Expected Council Action
In November, the Security Council will hold a ministerial-level open debate on the theme “Integrating Effective Resilience-Building in Peace Operations for Sustainable Peace”. This is one of the signature events of Ghana’s presidency. Ghanaian Minister for Foreign Affairs and Regional Integration Shirley Ayorkor Botchwey is expected to chair the meeting. Under-Secretary-General for Peace Operations Jean-Pierre Lacroix, AU Commissioner for Political Affairs and Peace and Security Bankole Adeoye, Chair of The Elders Mary Robinson, and Security Council Report Executive Director Karin Landgren are the anticipated briefers.
No formal outcome is anticipated.
Background and Key Recent Developments
Ghana would like this month’s open debate to facilitate a discussion on the challenges of peacekeeping in a changing security landscape. It intends to use the meeting to highlight the increasing threats posed by terrorism and violent extremism, as well as other structural factors and drivers of conflict, such as poverty and climate change. Ghana seems to be keen to consider these issues in the context of the political, security and development challenges facing the Sahel and coastal West Africa.
At the 16th annual consultative meeting between the UN Security Council and the AU Peace and Security Council in New York on 14 October, the situation in the Sahel and West Africa was discussed. In the joint communiqué the two Councils adopted at the end of the meeting, they expressed concern about the growing threat of terrorism and the resurgence of coups d’état plaguing the region. In this regard, they agreed on the need to address the underlying conditions contributing to the spread of terrorism and violent extremism in the Sahel and West Africa. The two Councils also “underscored the importance of strengthening the resilience of African States through creating an environment conducive to prosperity for youth and women by facilitating access to economic and social services and employment in addition to supporting deradicalization efforts through education, training, skill development and rehabilitation and reintegration programs”.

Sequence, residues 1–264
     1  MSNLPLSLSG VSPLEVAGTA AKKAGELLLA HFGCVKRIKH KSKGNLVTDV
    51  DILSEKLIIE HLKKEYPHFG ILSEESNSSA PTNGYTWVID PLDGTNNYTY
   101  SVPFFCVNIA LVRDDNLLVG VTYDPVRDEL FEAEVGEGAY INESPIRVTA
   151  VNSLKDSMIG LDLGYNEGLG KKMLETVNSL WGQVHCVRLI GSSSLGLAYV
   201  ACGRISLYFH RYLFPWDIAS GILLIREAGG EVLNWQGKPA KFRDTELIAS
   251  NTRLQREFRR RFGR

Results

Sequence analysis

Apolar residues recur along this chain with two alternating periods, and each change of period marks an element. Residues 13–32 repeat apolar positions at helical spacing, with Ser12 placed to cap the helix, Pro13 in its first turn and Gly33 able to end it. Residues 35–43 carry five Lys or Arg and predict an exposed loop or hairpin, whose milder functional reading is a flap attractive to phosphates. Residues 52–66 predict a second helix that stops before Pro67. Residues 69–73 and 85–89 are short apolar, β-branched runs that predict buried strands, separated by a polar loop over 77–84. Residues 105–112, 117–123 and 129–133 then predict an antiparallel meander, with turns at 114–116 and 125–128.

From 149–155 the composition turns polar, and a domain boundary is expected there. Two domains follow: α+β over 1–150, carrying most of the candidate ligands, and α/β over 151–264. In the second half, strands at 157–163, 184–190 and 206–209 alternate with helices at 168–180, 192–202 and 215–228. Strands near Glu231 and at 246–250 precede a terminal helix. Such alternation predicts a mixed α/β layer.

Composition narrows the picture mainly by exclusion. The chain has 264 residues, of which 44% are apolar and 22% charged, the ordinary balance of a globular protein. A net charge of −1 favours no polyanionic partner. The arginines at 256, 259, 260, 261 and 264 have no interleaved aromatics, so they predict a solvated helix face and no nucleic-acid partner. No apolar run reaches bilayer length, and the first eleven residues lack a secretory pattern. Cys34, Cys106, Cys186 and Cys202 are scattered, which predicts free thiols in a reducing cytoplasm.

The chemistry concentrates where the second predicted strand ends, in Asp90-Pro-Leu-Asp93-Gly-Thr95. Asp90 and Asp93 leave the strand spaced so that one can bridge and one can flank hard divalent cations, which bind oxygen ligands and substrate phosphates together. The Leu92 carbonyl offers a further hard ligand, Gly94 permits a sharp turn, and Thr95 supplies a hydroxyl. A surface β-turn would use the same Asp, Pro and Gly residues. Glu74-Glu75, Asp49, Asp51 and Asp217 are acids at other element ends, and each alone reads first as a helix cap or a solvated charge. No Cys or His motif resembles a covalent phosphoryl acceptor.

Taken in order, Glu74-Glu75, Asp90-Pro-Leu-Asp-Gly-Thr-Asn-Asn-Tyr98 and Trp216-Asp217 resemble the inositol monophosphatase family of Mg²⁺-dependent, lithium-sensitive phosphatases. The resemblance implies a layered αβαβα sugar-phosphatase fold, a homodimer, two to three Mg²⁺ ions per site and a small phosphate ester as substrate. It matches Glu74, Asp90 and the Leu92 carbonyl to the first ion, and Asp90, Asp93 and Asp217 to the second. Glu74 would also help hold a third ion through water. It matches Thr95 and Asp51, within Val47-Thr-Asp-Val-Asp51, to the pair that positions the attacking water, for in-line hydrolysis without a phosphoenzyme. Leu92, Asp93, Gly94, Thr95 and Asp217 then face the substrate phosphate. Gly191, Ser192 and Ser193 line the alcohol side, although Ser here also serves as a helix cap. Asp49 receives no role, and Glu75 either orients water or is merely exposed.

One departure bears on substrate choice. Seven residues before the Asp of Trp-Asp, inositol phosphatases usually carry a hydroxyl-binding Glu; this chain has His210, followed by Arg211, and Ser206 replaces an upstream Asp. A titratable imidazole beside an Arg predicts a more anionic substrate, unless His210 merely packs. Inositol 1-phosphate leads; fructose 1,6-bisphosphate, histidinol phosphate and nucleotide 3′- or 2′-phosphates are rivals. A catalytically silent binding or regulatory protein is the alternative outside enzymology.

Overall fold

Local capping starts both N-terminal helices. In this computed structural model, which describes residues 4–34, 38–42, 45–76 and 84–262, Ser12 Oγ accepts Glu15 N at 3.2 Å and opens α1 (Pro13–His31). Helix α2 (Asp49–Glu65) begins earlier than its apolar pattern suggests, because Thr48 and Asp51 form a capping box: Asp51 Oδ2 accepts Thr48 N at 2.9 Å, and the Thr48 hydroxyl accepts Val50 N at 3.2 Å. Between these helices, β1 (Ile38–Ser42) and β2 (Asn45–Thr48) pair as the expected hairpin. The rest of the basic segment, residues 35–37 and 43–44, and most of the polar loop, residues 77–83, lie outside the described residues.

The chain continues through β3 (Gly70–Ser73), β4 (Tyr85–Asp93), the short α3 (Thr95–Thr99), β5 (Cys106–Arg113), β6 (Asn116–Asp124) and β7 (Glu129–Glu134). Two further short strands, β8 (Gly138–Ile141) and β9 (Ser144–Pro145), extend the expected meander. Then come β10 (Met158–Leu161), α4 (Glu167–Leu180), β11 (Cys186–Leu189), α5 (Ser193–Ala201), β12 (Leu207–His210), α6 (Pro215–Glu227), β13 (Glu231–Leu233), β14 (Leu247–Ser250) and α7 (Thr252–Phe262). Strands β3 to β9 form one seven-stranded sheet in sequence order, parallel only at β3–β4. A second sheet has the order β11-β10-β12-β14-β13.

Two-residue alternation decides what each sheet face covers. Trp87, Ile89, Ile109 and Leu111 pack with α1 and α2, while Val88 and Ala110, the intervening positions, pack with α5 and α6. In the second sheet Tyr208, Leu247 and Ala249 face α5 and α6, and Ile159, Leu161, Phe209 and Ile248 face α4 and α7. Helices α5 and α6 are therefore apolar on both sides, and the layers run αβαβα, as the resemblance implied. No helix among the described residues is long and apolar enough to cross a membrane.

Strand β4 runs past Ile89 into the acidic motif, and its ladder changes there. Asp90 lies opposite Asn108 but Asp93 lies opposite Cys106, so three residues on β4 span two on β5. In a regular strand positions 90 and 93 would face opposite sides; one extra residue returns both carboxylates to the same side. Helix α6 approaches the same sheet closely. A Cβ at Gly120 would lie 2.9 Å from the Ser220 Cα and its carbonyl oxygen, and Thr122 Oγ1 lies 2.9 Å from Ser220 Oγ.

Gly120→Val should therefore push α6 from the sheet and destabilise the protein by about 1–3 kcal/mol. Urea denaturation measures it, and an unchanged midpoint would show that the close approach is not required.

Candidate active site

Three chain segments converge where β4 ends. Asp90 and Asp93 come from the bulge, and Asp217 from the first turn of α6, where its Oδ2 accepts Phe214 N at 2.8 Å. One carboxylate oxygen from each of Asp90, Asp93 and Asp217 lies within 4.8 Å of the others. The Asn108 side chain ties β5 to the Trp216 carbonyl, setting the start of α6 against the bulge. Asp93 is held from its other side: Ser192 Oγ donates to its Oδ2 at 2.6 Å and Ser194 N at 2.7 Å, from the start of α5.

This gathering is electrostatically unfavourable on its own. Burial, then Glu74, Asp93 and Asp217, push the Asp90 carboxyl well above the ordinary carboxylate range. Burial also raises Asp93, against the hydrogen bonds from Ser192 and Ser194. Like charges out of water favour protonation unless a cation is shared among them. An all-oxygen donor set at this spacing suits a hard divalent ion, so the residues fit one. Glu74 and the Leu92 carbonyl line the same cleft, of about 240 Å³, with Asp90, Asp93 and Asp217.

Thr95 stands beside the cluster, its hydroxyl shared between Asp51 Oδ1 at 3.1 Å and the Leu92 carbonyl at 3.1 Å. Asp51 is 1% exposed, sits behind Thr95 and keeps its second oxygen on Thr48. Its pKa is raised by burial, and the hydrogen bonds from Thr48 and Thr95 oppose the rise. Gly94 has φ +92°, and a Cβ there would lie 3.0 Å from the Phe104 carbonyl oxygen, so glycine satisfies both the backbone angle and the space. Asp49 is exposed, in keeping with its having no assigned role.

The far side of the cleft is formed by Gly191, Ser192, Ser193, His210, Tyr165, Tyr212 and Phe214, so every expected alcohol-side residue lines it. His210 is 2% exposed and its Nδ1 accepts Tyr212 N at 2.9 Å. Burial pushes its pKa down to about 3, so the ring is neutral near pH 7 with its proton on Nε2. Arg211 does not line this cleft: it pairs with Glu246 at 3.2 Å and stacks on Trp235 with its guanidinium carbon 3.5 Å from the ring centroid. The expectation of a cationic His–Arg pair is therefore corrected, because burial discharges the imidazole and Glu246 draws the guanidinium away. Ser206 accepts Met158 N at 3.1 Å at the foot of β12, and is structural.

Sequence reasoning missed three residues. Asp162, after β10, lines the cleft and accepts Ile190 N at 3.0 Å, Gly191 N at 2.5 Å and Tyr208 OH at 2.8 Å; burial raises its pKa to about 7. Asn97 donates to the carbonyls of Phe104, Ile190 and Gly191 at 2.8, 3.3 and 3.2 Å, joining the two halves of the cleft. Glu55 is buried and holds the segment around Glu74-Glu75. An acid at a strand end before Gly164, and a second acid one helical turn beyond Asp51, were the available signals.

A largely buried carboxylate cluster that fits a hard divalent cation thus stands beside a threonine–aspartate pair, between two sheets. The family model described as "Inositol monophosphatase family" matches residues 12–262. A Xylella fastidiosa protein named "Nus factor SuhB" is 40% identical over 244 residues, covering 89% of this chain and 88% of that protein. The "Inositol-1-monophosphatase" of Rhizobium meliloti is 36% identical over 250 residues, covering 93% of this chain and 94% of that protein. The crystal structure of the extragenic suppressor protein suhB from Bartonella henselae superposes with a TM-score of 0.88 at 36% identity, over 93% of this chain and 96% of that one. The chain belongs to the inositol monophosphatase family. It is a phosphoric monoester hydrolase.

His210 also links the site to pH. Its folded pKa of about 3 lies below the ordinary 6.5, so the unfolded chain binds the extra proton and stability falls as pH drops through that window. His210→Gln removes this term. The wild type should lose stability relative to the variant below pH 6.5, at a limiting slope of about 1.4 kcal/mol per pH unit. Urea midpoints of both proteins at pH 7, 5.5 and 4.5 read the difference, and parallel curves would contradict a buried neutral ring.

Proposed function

In the same spirit, on 25 September, the UN, the AU, the Economic Community of West African States (ECOWAS), and the Group of Five for the Sahel (G5 Sahel) jointly launched a high-level independent panel under the leadership of the former president of Niger, Mahamadou Issoufou, to undertake a strategic assessment of “the underlying challenges in the Sahel, including the surge in violent extremism, growing fragility of the economies of the region due to the impact of climate change and the COVID-19 pandemic, as well as complex political transitions”. The panel’s report and findings, due to be submitted in February, are expected to facilitate coordinated regional and international response to the complex political, security and development challenges of the Sahel.
Sustainable funding mechanisms are also foreseen as a topic for the high-level debate. Over the years, the AU has requested adequate, predictable and sustainable financing for its peace support operations from the UN’s assessed contributions. This issue has gained some momentum in the Council over the last couple of months. On 27 July, Ghana convened an Arria-formula meeting on “Collective security through equitable burden sharing: strengthening regional arrangements for the maintenance of international peace and security”, which provided an opportunity for Council members to discuss how financial and logistical support could be provided to regional efforts to address peace and security challenges in Africa.